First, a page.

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Tarantino Kept Full ‘Hollywood’ Script Locked in a Safe to Prevent Spoiler Leaks

Tarantino learned his lesson after the "The Hateful Eight" disaster.

Quentin Tarantino arrives for the premiere of 'Once Upon a Time in Hollywood' at the TCL Chinese Theatre IMAX in Hollywood, Los Angeles, California, USA, 22 July 2019. The movie opens in the US on 26 July 2019.Premiere of Sony Pictures' 'Once Upon a Time in Hollywood', Los Angeles, USA - 22 Jul 2019

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One of the most famous episodes of Quentin Tarantino’s career is the infamous leak of “The Hateful Eight” script in January 2014. Tarantino had only given the first draft of the script to a handful of collaborators when it leaked, prompting him to announce he would abandon the project as a directorial effort. The filmmaker told Deadline at the time the leak made him “very, very depressed.” Tarantino eventually changed his mind and directed “The Hateful Eight” anyway, but he has learned his lesson not to trust anyone when it comes to preserving his latest story.

In a new interview with Business Insider, Tarantino’s longtime cinematographer, Robert Richardson, said he didn’t get to finish the full script for “Once Upon a Time in Hollywood” until well into the movie’s production. Tarantino’s ending takes a revisionist approach to history, and the director was so paranoid spoilers would leak that he kept the full screenplay in a safe. Only Brad Pitt, Leonardo DiCaprio, and Margot Robbie read the script in its entirety before production, but they could only do so at Tarantino’s house with the director present. Richardson was only allowed to read the ending two months before the sequence was set to film.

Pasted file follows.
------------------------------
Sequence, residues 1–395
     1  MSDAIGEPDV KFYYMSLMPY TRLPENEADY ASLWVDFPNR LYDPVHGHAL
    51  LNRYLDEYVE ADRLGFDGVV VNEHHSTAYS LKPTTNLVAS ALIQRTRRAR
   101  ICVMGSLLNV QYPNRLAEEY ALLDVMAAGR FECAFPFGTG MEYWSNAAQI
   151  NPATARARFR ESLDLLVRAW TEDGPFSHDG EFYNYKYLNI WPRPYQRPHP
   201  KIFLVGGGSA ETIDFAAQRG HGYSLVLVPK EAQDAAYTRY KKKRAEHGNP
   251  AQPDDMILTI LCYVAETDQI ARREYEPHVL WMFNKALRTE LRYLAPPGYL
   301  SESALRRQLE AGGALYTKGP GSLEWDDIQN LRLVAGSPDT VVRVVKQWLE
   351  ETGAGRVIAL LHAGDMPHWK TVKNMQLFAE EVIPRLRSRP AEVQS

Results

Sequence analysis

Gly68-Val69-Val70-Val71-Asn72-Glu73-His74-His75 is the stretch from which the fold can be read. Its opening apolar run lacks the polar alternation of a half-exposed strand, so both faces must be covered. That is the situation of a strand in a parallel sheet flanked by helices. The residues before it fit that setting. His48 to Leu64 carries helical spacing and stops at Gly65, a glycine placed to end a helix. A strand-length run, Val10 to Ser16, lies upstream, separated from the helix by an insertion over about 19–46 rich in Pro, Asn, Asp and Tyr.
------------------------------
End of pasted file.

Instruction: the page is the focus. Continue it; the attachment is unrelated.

“While were were in the production office, we went in a room with the ending,” Richardson said. “It was taken from a safe and they handed it to only those people who require it to be able to perform their tasks that are necessary.”

All of the other “Hollywood” actors not present in the film’s ending never got the full script, thus reducing the risk of a spoiler leak. Margret Qualley told IndieWire she was not allowed to read the full script, but she ended up learning about the ending from co-star Pitt.

The only other person who was allowed to read the entire script during production was a friend of Roman Polanski’s. Tarantino revealed to Deadline earlier this month he allowed Polanski’s friend to read the full script and report back to the director since the film featured Polanski and centered around the murder of his wife, Sharon Tate.

Tarantino’s paranoia is not unfounded given both his experience with “The Hateful Eight” script leak and the overall interest that stirs up around a new Tarantino project. Christopher Nolan projects earn a similar level of fan attention and his scripts are protected just as closely. Robert Pattinson said earlier this year he could only read the script for Nolan’s latest action film “Tenet” while locked in a room.

“Once Upon a Time in Hollywood” is now playing in theaters nationwide.

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